Rules go way back for football
Published 12:00 am Thursday, February 5, 2004
Recently I mentioned there were college sports officials who were able to do a very good job by using their knowledge of the game combined with sound judgement but with only a rudimentary knowledge of the rules.
While it remains necessary for a competent official to know the game and exercise good judgment, no official can long maintain a roster position without an absolutely thorough knowledge of the game’s rules.
While thinking about rules, I did some research on changes to football rules over the years.
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The NFL, NCAA and high school rules differ in many respects, but those rules have remained similar enough the average fan can follow all three easily.
From the game’s beginning in 1869 when football was mostly a derivation of rugby until 1906 when the forward pass was legalized, most rule changes were designed to improve the player’s safety.
In spite of these changes, in 1908 33 college football players died from their football injuries, and that brought about five major changes in playing rules.
Among those were the offense have seven men on the line of scrimmage, pushing or pulling the ball carrier was no longer allowed, interlocking interference was outlawed and the flying tackle was banned.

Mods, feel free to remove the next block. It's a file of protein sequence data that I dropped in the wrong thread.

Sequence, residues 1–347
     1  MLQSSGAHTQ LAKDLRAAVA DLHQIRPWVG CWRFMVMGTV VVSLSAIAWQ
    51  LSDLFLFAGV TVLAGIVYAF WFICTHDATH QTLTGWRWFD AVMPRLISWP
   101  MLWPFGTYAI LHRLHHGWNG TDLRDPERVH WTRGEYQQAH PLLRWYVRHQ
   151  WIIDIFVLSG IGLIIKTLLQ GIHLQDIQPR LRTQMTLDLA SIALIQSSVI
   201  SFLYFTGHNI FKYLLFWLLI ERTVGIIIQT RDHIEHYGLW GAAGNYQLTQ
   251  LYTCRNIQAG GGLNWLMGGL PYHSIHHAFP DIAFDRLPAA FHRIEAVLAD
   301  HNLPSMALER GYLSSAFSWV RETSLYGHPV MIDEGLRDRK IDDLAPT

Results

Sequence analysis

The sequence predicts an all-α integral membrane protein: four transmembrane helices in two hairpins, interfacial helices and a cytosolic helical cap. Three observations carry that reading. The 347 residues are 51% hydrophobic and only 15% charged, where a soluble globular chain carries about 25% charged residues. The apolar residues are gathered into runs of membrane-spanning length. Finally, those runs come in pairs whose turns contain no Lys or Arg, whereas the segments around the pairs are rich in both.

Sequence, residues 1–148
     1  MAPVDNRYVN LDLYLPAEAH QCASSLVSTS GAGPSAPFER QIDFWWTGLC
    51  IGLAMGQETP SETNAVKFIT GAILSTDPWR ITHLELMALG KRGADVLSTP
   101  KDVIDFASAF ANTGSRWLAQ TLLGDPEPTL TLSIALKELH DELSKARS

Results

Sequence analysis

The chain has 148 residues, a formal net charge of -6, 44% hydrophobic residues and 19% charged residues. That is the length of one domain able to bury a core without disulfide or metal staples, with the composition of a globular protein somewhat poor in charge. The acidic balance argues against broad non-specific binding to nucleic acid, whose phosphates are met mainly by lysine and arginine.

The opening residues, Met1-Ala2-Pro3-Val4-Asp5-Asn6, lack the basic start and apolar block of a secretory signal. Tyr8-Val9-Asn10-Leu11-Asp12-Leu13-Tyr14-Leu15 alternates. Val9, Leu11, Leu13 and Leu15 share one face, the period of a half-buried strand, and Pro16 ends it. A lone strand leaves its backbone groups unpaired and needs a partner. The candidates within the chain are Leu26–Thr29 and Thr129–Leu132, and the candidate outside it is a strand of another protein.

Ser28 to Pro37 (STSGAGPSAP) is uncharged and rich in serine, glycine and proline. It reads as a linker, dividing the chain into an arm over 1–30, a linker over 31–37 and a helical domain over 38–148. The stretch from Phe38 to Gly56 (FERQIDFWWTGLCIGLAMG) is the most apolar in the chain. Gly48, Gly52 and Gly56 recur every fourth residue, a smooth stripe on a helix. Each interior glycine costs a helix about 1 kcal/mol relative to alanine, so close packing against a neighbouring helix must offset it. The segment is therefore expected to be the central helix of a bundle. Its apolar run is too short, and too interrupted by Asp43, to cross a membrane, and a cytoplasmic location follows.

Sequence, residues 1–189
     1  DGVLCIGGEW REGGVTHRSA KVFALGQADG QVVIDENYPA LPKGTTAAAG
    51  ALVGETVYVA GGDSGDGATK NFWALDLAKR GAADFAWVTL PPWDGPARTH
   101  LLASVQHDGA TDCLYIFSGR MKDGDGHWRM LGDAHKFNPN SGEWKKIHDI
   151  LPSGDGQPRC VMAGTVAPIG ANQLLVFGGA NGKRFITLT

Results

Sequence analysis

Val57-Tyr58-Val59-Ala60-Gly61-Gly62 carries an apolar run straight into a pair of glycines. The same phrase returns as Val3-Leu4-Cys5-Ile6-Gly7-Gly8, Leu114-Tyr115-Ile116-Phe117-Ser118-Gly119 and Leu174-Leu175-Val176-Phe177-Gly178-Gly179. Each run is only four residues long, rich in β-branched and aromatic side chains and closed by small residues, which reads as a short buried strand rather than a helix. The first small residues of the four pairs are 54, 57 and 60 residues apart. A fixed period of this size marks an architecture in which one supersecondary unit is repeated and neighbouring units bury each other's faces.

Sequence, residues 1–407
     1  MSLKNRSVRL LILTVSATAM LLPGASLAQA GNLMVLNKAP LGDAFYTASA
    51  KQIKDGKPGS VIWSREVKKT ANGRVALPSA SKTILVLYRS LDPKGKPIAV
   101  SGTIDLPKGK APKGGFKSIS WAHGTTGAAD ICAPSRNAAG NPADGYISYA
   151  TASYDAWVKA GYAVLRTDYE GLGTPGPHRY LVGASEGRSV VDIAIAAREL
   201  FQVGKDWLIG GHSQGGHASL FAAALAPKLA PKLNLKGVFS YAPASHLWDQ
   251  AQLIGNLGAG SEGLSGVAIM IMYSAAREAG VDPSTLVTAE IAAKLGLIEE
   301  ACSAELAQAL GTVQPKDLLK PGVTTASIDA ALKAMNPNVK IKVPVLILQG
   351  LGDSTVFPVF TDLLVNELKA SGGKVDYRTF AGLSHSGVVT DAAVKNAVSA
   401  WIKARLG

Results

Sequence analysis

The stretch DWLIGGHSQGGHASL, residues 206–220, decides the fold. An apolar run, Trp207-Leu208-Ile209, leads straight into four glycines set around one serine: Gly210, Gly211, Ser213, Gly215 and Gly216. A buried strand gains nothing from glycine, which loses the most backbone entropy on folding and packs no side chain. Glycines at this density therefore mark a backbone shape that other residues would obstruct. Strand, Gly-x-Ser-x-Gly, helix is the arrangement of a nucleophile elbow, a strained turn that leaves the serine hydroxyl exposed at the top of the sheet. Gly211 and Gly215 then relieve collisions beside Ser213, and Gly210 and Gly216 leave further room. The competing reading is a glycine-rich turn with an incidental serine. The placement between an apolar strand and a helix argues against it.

If that hadn’t happened, President Teddy Roosevelt was prepared to outlaw football.
During the infancy of the passing game from 1906 until 1912, an incomplete pass or a pass completed in your opponent’s end zone was a turnover.
Changes in 1912 not only liberalized forward passing rules to allow a touchdown for a pass completed in the end zone and making an incomplete pass cost only a loss of down (in 1926 and for a short time after that an incomplete pass resulted in a five-yard penalty) but also included the current rule that a team had four downs to move 10 yards to earn a first down.
Also, the field was shortened from 110 to 100 yards, and the value of a touchdown increased from five to six points.
The 1927 changes included moving the goal posts back from the goal line to the end line. The NFL kept them on the goal line until the 1960s.
After 1937 all players were required to have numbers on their jerseys and that year also saw the first official statistics kept.
Because of the onset of World War II, in 1941 substitution rules were relaxed to basically allow unlimited substitutions.
The two-point conversion from the 3-yard line was introduced in 1958 and was followed in 1959 with a slight relaxing of the limited substitution rule which had been reinstated in 1952.
That rule was tweaked until the late 1960s when unlimited substitutions of players was written back into the rules. That single rule (plus the facemask rule) has brought the game into the wide-open era we all know now.
Next week we’ll have some interesting information about basketball rules, starting with Dr. Naismith’s original 13 rules.
And that’s official.
Al&160;Graning is a former SEC official and former Natchez resident. He can be reached at